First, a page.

Kinematic character (2D)

Wprowadzenie

Yes, the name sounds strange. „Kinematic Character”. What is that? The reason for the name is that, when physics engines came out, they were called „Dynamics” engines (because they dealt mainly with collision responses). Many attempts were made to create a character controller using the dynamics engines, but it wasn’t as easy as it seemed. Godot has one of the best implementations of dynamic character controller you can find (as it can be seen in the 2d/platformer demo), but using it requires a considerable level of skill and understanding of physics engines (or a lot of patience with trial and error).

Some physics engines, such as Havok seem to swear by dynamic character controllers as the best option, while others (PhysX) would rather promote the kinematic one.

Jaka jest więc różnica?:

  • A dynamic character controller uses a rigid body with an infinite inertia tensor. Basically, it’s a rigid body that can’t rotate. Physics engines always let objects collide, then solve their collisions all together. This makes dynamic character controllers able to interact with other physics objects seamlessly (as seen in the platformer demo), however these interactions are not always predictable. Collisions can also take more than one frame to be solved, so a few collisions may seem to displace a tiny bit. Those problems can be fixed, but require a certain amount of skill.
  • A kinematic character controller is assumed to always begin in a non-colliding state, and will always move to a non colliding state. If it starts in a colliding state, it will try to free itself (like rigid bodies do), but this is the exception, not the rule. This makes their control and motion a lot more predictable and easier to program. However, as a downside, they can’t directly interact with other physics objects (unless done by hand in code).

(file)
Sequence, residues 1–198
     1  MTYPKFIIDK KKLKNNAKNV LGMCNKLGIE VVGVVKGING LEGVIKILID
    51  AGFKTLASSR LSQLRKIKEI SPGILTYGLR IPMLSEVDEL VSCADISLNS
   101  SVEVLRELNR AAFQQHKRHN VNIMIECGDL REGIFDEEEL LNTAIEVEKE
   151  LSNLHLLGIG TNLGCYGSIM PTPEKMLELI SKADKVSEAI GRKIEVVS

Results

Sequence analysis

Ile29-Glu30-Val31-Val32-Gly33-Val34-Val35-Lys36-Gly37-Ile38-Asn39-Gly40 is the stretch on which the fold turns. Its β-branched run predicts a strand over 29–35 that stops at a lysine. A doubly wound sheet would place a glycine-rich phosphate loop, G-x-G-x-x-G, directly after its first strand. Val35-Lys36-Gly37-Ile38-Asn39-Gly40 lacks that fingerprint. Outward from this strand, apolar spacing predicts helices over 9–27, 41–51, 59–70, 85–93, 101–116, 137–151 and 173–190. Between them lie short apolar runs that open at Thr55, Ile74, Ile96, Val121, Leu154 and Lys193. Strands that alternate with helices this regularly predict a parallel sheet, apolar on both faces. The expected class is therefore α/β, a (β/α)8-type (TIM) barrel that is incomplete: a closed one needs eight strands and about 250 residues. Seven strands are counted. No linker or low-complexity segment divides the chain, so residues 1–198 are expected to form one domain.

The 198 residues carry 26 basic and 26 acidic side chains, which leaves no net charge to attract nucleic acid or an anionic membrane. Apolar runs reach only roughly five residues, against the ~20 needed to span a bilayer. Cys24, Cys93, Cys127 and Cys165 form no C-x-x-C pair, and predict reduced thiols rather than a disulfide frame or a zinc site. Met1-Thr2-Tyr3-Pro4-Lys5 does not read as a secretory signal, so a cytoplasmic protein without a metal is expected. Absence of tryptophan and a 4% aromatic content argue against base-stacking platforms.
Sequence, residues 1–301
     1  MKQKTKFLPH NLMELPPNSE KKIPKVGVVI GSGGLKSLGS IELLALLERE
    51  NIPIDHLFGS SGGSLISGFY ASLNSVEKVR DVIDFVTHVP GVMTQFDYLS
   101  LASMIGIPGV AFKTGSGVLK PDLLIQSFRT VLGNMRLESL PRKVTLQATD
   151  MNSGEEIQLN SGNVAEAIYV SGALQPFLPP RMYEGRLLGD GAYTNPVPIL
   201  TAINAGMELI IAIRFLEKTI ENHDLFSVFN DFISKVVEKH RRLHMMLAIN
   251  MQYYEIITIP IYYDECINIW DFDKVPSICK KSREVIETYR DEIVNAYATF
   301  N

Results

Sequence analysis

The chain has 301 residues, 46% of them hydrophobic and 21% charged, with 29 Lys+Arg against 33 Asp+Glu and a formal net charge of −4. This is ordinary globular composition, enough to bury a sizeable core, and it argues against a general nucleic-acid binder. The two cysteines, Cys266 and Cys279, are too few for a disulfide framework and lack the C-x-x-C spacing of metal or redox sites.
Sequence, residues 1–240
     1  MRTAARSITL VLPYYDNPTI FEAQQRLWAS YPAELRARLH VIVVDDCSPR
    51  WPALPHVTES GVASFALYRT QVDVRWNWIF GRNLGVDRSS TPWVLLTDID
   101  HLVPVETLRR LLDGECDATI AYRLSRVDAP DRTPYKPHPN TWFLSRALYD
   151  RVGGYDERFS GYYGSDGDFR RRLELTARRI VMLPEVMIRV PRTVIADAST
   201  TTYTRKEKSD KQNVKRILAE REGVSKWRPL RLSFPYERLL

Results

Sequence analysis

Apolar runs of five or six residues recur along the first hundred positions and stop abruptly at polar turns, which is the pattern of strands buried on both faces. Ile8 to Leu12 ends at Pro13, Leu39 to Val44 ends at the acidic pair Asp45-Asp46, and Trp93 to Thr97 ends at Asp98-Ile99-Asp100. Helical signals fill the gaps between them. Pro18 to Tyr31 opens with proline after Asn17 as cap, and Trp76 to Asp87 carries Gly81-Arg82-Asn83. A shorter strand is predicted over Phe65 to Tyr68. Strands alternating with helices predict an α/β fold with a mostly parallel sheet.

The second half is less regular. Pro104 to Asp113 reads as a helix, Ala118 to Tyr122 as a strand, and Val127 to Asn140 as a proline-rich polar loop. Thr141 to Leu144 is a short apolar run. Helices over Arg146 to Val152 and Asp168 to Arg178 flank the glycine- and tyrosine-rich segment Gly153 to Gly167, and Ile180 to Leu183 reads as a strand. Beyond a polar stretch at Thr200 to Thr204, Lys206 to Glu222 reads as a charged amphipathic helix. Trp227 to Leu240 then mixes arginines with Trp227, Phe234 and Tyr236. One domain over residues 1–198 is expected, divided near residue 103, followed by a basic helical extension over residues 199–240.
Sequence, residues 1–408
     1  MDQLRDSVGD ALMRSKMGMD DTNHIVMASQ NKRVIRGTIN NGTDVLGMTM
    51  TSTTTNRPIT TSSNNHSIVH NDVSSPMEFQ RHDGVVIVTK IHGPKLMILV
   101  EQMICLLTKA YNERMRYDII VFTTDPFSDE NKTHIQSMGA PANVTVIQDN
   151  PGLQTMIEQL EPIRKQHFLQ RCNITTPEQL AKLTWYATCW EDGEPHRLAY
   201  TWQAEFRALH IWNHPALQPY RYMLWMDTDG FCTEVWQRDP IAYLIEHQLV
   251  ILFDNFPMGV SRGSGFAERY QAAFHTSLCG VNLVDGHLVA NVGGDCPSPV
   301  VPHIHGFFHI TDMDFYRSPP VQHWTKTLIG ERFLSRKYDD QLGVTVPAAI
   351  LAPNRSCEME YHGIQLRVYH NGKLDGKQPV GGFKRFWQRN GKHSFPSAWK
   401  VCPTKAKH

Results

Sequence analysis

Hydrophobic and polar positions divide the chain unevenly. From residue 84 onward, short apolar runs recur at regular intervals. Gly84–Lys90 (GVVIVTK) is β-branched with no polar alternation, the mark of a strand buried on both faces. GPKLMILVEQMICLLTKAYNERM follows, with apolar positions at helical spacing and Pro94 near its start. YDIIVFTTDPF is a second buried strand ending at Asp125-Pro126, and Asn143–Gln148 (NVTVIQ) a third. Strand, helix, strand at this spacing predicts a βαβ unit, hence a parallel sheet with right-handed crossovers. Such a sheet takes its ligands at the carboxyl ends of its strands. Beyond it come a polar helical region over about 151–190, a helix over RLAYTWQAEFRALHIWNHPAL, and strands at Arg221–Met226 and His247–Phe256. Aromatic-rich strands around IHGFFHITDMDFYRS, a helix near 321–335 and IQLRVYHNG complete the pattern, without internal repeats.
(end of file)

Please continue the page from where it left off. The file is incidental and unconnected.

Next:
This short tutorial will focus on the kinematic character controller. Basically, the old-school way of handling collisions (which is not necessarily simpler under the hood, but well hidden and presented as a nice and simple API).

Proces fizyki

To manage the logic of a kinematic body or character, it is always advised to use physics process, because it’s called before physics step and its execution is in sync with physics server, also it is called the same amount of times per second, always. This makes physics and motion calculation work in a more predictable way than using regular process, which might have spikes or lose precision if the frame rate is too high or too low.

extends KinematicBody2D

func _physics_process(delta):
    pass
using Godot;
using System;

public class PhysicsScript : KinematicBody2D
{
    public override void _PhysicsProcess(float delta)
    {
    }
}

Konfiguracja sceny

Oto scena (z samouczka tilemap) : kbscene.zip. Stworzymy nową scenę dla bohatera. Użyj robota sprite i stwórz taką scenę:

../../_images/kbscene.png

You’ll notice that there’s a warning icon next to our CollisionShape2D node; that’s because we haven’t defined a shape for it. Create a new CircleShape2D in the shape property of CollisionShape2D. Click on <CircleShape2D> to go to the options for it, and set the radius to 30:

../../_images/kbradius.png

Note: As mentioned before in the physics tutorial, the physics engine can’t handle scale on most types of shapes (only collision polygons, planes and segments work), so always change the parameters (such as radius) of the shape instead of scaling it. The same is also true for the kinematic/rigid/static bodies themselves, as their scale affects the shape scale.

Now, create a script for the character, the one used as an example above should work as a base.